Rural senior citizens
prefer self-care over doctors medical advice
Seniors over age 65
living in rural North Carolina believe they can control their health
better than a medical professional
By Valerie DeBenedette,
HBNS Contributing Writer
Aug. 21, 2013 - A
survey of older rural adults found a high degree of medical skepticism,
the belief that one knows and can control their own health better than a
medical professional can, reports a recent study in the Journal of
Health Care for the Poor and Underserved. For some, these beliefs
correlate with a higher tendency toward self-care.
The researchers evaluated survey responses
from 198 people, either African American or White and over 65 years old
living in three rural counties in North Carolina.
To determine levels of
medical skepticism, they were asked whether they believed they could
overcome illness without the help of a medical professional, whether
they thought home remedies were often better than prescribed drugs, and
if they felt they understood their health better than most doctors.
They were also asked about their use in the
past year of various home remedies including - honey, vinegar, baking
soda, olive oil, whiskey, or petroleum jelly; vitamin or mineral
supplements; herbal remedies such as garlic or ginseng; supplements such as fish oil; or alternative medical practitioners such as
chiropractors, physical therapists, or massage therapists, or self-care
practices such as meditation, relaxation techniques or exercise.
What we hypothesized was that people with
high levels of medical skepticism would be more likely to use
complementary therapy, said Ronny A. Bell, Ph.D., professor of
epidemiology and prevention at Wake Forest School of Medicine in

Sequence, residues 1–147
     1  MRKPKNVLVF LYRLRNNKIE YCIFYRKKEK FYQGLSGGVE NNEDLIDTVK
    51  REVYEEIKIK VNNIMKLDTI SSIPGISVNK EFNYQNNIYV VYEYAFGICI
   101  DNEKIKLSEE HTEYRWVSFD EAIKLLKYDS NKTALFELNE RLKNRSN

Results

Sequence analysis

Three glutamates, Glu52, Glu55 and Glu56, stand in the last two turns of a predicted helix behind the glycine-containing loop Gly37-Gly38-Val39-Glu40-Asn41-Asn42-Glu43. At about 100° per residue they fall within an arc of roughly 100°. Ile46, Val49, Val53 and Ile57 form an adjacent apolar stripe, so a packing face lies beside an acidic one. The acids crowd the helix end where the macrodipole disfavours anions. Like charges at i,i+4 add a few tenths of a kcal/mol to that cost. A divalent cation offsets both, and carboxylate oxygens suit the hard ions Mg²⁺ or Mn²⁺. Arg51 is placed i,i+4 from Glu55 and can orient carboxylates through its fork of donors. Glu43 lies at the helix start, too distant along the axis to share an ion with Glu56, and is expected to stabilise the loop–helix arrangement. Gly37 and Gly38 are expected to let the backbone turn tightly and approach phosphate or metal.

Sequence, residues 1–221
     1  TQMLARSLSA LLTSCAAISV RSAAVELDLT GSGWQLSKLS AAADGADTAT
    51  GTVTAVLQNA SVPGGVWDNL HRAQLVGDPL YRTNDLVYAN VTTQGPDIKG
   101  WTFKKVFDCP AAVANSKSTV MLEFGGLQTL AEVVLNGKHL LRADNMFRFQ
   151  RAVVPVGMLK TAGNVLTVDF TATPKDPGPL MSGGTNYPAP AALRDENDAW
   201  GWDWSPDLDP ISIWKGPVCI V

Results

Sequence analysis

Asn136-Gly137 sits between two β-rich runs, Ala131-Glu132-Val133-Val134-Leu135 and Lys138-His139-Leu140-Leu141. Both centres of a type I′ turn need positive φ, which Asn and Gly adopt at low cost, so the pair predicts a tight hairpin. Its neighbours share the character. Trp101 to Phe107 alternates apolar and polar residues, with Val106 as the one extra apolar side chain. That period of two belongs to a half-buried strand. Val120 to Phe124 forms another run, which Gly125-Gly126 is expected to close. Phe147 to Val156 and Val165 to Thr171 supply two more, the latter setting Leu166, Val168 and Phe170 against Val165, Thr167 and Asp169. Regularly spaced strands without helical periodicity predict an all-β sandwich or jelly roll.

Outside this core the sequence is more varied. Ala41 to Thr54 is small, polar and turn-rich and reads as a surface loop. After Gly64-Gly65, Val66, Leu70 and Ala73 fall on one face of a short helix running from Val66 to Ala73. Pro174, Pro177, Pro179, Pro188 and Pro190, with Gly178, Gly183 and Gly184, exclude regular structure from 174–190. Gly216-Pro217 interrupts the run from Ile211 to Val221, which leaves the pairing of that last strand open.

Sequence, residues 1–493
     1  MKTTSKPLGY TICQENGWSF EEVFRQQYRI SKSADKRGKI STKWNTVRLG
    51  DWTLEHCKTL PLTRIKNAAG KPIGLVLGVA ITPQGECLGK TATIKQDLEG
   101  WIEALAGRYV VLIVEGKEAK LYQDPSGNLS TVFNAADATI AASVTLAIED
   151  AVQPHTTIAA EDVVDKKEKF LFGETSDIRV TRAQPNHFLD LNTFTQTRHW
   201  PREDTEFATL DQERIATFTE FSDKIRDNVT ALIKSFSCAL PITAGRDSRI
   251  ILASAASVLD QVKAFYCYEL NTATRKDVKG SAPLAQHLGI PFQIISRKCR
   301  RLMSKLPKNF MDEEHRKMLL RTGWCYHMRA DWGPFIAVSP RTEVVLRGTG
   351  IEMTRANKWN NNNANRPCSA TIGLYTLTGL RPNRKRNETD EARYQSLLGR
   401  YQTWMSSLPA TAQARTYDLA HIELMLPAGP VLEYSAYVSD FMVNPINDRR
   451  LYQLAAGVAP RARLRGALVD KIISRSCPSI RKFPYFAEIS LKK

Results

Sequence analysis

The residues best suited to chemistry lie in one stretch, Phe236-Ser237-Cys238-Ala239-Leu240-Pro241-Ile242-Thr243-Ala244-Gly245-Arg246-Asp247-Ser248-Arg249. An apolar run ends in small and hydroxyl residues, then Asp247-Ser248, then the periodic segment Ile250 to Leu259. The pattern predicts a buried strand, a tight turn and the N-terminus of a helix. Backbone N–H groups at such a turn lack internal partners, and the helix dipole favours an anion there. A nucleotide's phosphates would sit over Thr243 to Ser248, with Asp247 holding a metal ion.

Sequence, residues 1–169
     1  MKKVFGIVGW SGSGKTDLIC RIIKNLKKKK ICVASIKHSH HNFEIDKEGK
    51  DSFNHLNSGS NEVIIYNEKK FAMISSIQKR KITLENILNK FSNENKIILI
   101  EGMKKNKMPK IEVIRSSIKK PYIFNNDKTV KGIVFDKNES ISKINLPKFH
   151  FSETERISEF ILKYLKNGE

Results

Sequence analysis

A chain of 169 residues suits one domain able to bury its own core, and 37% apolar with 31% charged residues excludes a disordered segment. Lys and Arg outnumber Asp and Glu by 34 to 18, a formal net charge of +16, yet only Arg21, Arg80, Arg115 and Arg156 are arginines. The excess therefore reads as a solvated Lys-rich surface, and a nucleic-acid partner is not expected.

Winston-Salem, N.C., and a lead author on the study.
They found 59.6 percent of respondents said
they believed that their own behavior determined their health, while
19.7 percent said they could overcome illness without help.
Overall, people who had reported use of any
self-care therapy were more than four times more likely to report they
could overcome illness without help from a health care provider. No
other significant correlations between medical skepticism and the use of
complementary therapies were found, but most people reported using home
remedies, vitamins or mineral supplements or a self-care therapy. The
researchers say more research is needed to determine the motivations
behind the use of complementary therapies.
Health professionals need to communicate
with their elderly and rural patients about folk remedies and
supplements and about their attitudes toward health professionals, say
"We are trying to make a case for getting a
feel for a patient's orientation to the health care they are receiving,"
"If a doctor has a hard time getting a
patient to follow medical advice, it may be because he or she does not
think it will make a difference for them. [Doctors] have to ask about
complementary therapies," he added. For instance, many folk remedies and
supplements can cause side effects and can interact with prescribed
The findings are not surprising, said
Leigh F. Callahan, Ph.D., professor of social medicine at the Thurston
Arthritis Research Center of the University of North Carolina at Chapel
Older people in rural areas often live
where their parents and grandparents lived and complementary treatments
and folk remedies are handed down in the family," she noted. Folk
remedies are often used to treat arthritis and conditions that cause
chronic pain or that interfere with sleep, she noted. "You want
clinicians to have good overview of what is someone is taking,
prescribed or not."
Source: Health Behavior News Service, part of the Center for Advancing